No Pak letter needed for PoK man’s medical visa as region part of India: Sushma | india news | Hindustan Times
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No Pak letter needed for PoK man’s medical visa as region part of India: Sushma

Foreign minister Sushma Swaraj approved visa for 24-year-old Osama Ali who has been diagnosed with a tumour in the liver and is seeking medical treatment at a private hospital in Delhi.

india Updated: Jul 18, 2017 17:10 IST
HT Correspondent
Foreign minister Sushma Swaraj’s tweet comes amid heightened tension between the neighbours, especially over rising militancy and civilian protests in Kashmir which India says are orchestrated by Pakistan.
Foreign minister Sushma Swaraj’s tweet comes amid heightened tension between the neighbours, especially over rising militancy and civilian protests in Kashmir which India says are orchestrated by Pakistan.(Reuters file)

India will give medical visa to a man from Pakistan-occupied Kashmir (PoK) without a request letter from Islamabad, external affairs minister Sushma Swaraj said on Tuesday, reiterating that the disputed region “is an integral part of India”.

Swaraj’s announcement came in response to a plea by a 24-year-old PoK resident, Osama Ali, who appealed to the minister to waive the request letter from Sartaj Aziz, the Pakistan prime minister’s advisor on foreign affairs.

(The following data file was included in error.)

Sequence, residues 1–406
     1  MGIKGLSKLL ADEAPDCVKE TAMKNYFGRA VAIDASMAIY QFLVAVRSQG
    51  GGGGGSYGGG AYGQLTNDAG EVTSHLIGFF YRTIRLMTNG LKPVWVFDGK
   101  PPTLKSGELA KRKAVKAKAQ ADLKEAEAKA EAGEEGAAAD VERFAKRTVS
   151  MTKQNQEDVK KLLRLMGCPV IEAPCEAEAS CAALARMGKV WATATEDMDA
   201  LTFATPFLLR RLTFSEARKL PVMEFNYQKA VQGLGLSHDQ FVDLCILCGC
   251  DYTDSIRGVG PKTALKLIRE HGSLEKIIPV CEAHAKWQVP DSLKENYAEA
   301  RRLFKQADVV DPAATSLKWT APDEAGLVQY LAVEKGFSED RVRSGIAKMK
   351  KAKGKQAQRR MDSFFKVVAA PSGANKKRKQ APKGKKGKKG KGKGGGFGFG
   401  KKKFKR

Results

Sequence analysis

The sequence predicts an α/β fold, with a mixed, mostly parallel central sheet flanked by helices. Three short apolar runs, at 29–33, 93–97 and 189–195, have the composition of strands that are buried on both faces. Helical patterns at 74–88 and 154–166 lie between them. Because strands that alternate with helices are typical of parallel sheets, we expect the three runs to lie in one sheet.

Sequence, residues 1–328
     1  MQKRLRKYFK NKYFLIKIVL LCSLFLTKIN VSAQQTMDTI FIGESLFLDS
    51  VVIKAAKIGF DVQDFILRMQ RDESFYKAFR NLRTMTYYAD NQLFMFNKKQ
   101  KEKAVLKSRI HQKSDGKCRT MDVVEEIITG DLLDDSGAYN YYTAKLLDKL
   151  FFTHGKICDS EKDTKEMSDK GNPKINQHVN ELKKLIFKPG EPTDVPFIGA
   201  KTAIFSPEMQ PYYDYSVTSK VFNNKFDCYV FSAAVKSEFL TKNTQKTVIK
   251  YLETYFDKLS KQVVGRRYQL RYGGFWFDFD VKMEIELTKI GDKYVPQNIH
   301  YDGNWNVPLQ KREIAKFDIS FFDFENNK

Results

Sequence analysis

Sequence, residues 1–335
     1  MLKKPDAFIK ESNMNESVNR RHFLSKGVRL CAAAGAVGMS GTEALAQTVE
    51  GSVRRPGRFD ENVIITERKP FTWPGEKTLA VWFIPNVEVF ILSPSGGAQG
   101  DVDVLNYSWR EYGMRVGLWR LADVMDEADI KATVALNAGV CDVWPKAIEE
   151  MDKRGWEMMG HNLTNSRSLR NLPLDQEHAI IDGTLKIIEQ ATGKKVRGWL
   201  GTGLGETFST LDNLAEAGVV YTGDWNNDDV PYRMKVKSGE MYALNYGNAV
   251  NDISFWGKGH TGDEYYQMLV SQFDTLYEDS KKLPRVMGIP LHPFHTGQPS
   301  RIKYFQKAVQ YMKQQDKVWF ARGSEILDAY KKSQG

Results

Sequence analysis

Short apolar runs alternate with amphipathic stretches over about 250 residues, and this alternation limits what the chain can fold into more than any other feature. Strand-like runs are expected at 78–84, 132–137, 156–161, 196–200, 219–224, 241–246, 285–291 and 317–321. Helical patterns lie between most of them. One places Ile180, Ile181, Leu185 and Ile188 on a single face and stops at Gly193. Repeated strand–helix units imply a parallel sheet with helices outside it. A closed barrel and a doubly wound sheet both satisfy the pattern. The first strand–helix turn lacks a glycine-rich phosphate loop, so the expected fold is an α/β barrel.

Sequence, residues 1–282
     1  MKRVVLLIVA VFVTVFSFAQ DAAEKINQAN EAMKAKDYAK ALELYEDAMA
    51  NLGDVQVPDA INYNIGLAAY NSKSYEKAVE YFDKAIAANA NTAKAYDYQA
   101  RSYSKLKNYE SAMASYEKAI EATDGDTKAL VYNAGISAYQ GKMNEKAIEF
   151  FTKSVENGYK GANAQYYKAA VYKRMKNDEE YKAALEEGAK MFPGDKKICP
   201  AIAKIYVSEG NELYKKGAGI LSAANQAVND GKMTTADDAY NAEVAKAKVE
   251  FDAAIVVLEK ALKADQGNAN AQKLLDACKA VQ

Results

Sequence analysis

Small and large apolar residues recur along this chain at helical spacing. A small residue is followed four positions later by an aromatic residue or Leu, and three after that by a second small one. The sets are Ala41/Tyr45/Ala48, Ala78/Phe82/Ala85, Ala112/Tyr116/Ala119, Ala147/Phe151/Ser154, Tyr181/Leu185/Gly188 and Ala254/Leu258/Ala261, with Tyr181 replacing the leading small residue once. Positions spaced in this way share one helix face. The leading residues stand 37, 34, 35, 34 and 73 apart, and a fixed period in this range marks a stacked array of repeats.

Ali, who had been diagnosed with a tumour in the liver, is seeking medical treatment at a private hospital in Delhi.

“PoK is an integral part of India. Pakistan has illegally occupied it. We are giving him visa. No letter required,” Swaraj said in a tweet, responding to a report in the Indian Express highlighting Ali’s dilemma.

The report quoted Ali’s family as saying that Aziz has refused to write a letter to the Indian government.

PoK, a 13,297-square km area with an estimated population of about four million, is under Pakistan’s control since 1947 but India says it is part of the state of Jammu and Kashmir.

Swaraj’s tweet came amid heightened tensions between the neighbours, especially over rising militancy and civilian protests in Kashmir which India says are orchestrated by Pakistan.

Though India has been giving medical visa to people from Pakistan, on July 10, Swaraj put out a series of tweets saying the Indian government needs Aziz’s “recommendation for the grant of medical visa to Pakistan nationals”.

The precondition was seen as a retaliation to Islamabad’s refusal to grant visa to the mother of Kulbhushan Jadhav, a former Indian Navy officer sentenced to death on espionage charges.

“We also have a visa application pending for an Indian national Mrs.Avantika Jadhav who wants to meet her son in Pakistan against whom they have pronounced a death sentence,” Swaraj wrote.

Expressing “sympathies for all Pakistan nationals seeking medical visa for their treatment in India,” Swaraj said: “I am sure Mr Sartaj Aziz also has consideration for the nationals of his country. I see no reason why should he hesitate to give his recommendation for nationals of his own country.”